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Articles by M Cho
Total Records ( 4 ) for M Cho
  S. A Lee , Y. M Kim , T. K Kwak , H. J Kim , S Kim , W Ko , S. H Kim , K. H Park , M Cho and J. W. Lee

Four-transmembrane L6 family member 5 (TM4SF5) and its homolog L6, a tumor antigen, form a four-transmembrane L6 family. TM4SF5 expression causes uncontrolled cell proliferation and angiogenesis. Although other genuine transmembrane 4 superfamily (TM4SF) members co-operate with integrins for cell migration, roles of TM4SF5 in the cellular spreading and migration are unknown. Using hepatocarcinoma cell clones that ectopically express TM4SF5, we found that cross talks via an extracellular interaction between TM4SF5 and integrin 2 in collagen type I environment inhibited integrin 2 functions such as spreading on and migration toward collagen I, which were recovered by suppression of TM4SF5 or structural disturbance of its second extracellular loop using a peptide or mutagenesis. Altogether, the observations suggest that TM4SF5 in hepatocytes negatively regulates integrin 2 function via an interaction between the extracellular loop 2 of TM4SF5 and integrin 2 during cell spreading on and migration through collagen I environment.

  M Dias Baruffi , S. R Stowell , S. C Song , C. M Arthur , M Cho , L. C Rodrigues , M. A. B Montes , M. A Rossi , J. A James , R. P McEver and R. D. Cummings

Galectin-1 (Gal-1) is important in immune function and muscle regeneration, but its expression and localization in adult tissues and primary leukocytes remain unclear. To address this, we generated a specific monoclonal antibody against Gal-1, termed hGal-1, and defined a sequential peptide epitope that it recognizes, which is preserved in human and porcine Gal-1, but not in murine Gal-1. Using hGal-1, we found that Gal-1 is expressed in a wide range of porcine tissues, including striated muscle, liver, lung, brain, kidney, spleen, and intestine. In most types of cells, Gal-1 exhibits diffuse cytosolic expression, but in cells within the splenic red pulp, Gal-1 showed both cytosolic and nuclear localization. Gal-1 was also expressed in arterial walls and exhibited prominent cytosolic and nuclear staining in cultured human endothelial cells. However, human peripheral leukocytes and promyelocytic HL60 cells lack detectable Gal-1 and also showed very low levels of Gal-1 mRNA. In striking contrast, Gal-1 exhibited an organized cytosolic staining pattern within striated muscle tissue of cardiac and skeletal muscle and colocalized with sarcomeric actin on I bands. These results provide insights into previously defined roles for Gal-1 in inflammation, immune regulation and muscle biology.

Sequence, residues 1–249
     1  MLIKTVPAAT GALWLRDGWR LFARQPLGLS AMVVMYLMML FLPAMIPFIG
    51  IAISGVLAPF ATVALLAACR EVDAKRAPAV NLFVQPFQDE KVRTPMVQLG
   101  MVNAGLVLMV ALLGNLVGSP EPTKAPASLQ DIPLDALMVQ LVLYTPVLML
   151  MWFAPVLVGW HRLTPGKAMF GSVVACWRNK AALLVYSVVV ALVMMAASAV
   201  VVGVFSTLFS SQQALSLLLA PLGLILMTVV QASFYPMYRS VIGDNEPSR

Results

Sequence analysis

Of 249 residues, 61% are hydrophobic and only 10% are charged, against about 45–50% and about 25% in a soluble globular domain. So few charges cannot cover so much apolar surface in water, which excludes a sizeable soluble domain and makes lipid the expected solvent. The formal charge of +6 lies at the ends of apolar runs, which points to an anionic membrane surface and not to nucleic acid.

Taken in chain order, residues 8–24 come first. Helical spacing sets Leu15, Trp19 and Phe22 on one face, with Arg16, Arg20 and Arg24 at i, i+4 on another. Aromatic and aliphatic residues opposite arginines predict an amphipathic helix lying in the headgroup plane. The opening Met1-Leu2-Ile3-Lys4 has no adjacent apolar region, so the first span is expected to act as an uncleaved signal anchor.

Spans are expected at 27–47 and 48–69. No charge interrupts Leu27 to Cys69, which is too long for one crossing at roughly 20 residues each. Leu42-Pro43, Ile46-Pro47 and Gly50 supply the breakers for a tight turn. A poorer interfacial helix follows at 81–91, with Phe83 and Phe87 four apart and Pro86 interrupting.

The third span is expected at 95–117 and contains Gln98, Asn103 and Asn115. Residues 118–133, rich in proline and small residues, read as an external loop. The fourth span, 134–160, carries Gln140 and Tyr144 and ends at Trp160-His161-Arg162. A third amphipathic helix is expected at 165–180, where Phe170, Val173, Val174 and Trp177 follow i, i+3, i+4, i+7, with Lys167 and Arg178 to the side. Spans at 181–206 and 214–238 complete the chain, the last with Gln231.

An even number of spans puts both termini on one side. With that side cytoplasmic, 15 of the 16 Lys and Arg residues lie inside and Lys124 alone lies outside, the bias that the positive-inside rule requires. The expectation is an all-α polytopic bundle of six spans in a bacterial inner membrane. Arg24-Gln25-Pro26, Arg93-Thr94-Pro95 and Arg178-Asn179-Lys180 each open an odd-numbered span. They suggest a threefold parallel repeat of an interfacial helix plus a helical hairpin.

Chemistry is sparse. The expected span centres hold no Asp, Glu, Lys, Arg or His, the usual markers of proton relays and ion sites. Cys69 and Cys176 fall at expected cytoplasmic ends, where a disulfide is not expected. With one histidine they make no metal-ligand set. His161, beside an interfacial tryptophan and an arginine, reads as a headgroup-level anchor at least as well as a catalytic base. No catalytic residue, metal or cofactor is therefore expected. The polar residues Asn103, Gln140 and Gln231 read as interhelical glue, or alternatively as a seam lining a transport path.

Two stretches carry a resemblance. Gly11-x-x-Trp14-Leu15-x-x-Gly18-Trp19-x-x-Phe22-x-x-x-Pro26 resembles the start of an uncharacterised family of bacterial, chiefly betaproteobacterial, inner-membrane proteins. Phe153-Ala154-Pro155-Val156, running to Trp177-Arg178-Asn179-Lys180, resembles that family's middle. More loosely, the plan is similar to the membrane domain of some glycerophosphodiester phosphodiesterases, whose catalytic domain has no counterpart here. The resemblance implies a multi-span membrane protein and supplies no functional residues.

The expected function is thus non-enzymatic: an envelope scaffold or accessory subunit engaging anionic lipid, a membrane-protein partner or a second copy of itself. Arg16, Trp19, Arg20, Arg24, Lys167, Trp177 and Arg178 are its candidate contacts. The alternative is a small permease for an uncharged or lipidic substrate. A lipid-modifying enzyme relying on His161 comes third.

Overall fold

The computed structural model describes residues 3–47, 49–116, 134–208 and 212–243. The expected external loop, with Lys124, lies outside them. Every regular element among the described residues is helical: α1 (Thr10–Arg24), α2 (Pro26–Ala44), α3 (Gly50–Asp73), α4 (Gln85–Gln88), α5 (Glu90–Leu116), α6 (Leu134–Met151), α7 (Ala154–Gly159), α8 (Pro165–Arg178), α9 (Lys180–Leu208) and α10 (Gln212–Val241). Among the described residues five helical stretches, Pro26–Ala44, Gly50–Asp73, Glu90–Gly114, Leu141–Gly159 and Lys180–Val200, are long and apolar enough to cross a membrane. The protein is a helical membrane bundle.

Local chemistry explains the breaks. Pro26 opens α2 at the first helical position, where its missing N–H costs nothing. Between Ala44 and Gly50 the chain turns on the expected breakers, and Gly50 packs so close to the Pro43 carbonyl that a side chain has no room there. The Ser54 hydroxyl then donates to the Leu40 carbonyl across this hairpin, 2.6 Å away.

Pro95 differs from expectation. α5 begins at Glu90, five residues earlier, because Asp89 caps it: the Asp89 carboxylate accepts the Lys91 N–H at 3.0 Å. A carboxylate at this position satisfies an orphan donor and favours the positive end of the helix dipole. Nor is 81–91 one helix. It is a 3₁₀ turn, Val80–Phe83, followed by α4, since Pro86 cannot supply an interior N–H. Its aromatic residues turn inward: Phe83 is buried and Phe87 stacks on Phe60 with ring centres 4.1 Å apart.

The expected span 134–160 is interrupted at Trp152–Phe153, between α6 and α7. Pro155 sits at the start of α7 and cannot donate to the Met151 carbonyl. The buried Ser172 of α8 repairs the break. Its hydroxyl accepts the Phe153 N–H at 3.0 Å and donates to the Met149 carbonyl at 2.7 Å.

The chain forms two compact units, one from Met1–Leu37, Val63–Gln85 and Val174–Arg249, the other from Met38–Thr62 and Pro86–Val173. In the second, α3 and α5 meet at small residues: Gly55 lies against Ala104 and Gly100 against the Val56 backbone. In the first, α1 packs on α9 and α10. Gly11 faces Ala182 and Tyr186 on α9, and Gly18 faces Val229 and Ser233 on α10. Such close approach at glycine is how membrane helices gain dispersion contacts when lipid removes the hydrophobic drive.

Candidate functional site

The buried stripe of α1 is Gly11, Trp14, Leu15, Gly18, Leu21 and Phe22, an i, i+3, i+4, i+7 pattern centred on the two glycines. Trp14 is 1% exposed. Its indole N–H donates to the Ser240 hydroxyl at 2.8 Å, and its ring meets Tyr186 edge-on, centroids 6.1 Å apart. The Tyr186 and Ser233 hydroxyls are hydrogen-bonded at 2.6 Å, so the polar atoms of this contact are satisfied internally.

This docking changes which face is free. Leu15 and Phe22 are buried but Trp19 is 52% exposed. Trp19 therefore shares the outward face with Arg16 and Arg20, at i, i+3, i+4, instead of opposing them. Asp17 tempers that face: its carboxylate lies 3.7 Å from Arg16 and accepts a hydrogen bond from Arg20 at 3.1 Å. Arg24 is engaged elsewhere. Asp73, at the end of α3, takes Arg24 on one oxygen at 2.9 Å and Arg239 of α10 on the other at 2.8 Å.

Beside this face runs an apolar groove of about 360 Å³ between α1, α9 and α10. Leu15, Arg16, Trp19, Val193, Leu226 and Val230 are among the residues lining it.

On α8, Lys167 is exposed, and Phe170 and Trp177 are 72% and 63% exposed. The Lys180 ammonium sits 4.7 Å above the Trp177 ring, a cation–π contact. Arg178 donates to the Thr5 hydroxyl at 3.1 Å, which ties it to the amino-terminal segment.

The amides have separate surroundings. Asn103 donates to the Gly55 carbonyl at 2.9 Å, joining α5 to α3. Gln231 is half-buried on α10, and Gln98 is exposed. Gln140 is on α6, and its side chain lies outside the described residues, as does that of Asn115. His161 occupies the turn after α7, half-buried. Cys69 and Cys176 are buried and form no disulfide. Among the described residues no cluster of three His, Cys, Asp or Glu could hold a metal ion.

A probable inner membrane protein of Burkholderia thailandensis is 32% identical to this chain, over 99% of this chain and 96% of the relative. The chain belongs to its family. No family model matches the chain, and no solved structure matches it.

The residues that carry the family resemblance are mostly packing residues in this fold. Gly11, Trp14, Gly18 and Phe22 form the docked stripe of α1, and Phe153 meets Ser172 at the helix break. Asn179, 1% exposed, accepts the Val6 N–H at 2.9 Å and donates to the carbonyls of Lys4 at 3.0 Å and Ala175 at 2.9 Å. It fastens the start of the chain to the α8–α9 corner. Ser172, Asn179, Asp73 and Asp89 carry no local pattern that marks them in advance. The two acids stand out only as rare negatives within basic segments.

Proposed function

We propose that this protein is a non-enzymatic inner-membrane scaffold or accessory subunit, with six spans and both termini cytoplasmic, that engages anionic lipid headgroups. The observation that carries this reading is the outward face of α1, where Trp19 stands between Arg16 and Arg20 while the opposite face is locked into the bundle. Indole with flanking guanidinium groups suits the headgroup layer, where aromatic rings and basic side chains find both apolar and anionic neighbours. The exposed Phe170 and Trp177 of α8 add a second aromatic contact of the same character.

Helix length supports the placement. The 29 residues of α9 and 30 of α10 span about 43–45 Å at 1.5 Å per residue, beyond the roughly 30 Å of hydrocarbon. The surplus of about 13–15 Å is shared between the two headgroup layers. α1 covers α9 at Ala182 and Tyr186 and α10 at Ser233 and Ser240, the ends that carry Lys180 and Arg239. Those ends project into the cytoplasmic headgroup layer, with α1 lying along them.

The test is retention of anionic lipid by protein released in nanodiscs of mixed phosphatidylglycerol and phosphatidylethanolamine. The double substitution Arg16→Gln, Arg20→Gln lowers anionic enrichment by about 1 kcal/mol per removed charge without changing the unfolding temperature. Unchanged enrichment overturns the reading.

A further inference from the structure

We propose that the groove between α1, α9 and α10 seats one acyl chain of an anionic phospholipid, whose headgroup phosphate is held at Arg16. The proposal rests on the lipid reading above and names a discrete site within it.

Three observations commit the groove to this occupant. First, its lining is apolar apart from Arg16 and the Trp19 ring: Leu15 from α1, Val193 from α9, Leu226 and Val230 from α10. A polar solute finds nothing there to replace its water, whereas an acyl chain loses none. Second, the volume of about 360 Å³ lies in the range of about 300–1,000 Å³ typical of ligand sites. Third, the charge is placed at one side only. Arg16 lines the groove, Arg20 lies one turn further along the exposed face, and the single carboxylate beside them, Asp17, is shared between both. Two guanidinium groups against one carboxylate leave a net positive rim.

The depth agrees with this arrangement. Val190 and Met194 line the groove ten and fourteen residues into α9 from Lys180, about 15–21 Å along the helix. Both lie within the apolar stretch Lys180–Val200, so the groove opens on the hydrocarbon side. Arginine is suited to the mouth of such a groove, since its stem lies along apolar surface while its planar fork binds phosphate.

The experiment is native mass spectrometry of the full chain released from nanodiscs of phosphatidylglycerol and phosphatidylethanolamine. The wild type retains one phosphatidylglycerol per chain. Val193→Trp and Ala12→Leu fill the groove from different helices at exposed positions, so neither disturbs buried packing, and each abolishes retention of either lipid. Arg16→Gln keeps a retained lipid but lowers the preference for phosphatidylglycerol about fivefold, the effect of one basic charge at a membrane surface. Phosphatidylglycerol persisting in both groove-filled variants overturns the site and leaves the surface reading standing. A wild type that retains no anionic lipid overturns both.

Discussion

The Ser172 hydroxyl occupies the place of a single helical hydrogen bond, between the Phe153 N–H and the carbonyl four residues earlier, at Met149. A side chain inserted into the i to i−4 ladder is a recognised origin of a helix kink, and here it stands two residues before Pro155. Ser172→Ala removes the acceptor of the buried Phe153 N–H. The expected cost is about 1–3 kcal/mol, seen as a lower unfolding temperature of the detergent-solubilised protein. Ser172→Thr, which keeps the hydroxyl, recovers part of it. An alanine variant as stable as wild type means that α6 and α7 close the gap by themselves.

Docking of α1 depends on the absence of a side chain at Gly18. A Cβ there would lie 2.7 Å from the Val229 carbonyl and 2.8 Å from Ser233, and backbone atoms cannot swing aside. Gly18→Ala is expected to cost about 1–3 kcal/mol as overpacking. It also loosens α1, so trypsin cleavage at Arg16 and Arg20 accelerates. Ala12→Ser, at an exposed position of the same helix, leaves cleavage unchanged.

T. P Shentu , I Titushkin , D. K Singh , K. J Gooch , P. V Subbaiah , M Cho and I. Levitan

Oxidized low-density lipoprotein (oxLDL) is a major factor in development of atherosclerosis. Our earlier studies have shown that exposure of endothelial cells (EC) to oxLDL increases EC stiffness, facilitates the ability of the cells to generate force, and facilitates EC network formation in three-dimensional collagen gels. In this study, we show that oxLDL induces a decrease in lipid order of membrane domains and that this effect is inversely correlated with endothelial stiffness, contractility, and network formation. Local lipid packing of cell membrane domains was assessed by Laurdan two-photon imaging, endothelial stiffness was assessed by measuring cellular elastic modulus using atomic force microscopy, cell contractility was estimated by measuring the ability of the cells to contract collagen gels, and EC angiogenic potential was estimated by visualizing endothelial networks within the same gels. The impact of oxLDL on endothelial biomechanics and network formation is fully reversed by supplying the cells with a surplus of cholesterol. Furthermore, exposing the cells to 7-keto-cholesterol, a major oxysterol component of oxLDL, or to another cholesterol analog, androstenol, also results in disruption of lipid order of membrane domains and an increase in cell stiffness. On the basis of these observations, we suggest that disruption of lipid packing of cholesterol-rich membrane domains plays a key role in oxLDL-induced changes in endothelial biomechanics.

  W Cao , L Bover , M Cho , X Wen , S Hanabuchi , M Bao , D. B Rosen , Y. H Wang , J. L Shaw , Q Du , C Li , N Arai , Z Yao , L. L Lanier and Y. J. Liu

Plasmacytoid dendritic cells (pDCs) produce copious type I interferon (IFN) upon sensing nucleic acids through Toll-like receptor (TLR) 7 and TLR9. Uncontrolled pDC activation and IFN production are implicated in lymphopenia and autoimmune diseases; therefore, a mechanism controlling pDC IFN production is essential. Human pDCs specifically express an orphan receptor, immunoglobulin-like transcript 7 (ILT7). Here, we discovered an ILT7 ligand expressed by human cell lines and identified it as bone marrow stromal cell antigen 2 (BST2; CD317). BST2 directly binds to purified ILT7 protein, initiates signaling via the ILT7–FcRI complex, and strongly inhibits production of IFN and proinflammatory cytokines by pDCs. Readily induced by IFN and other proinflammatory cytokines, BST2 may modulate the human pDC’s IFN responses through ILT7 in a negative feedback fashion.

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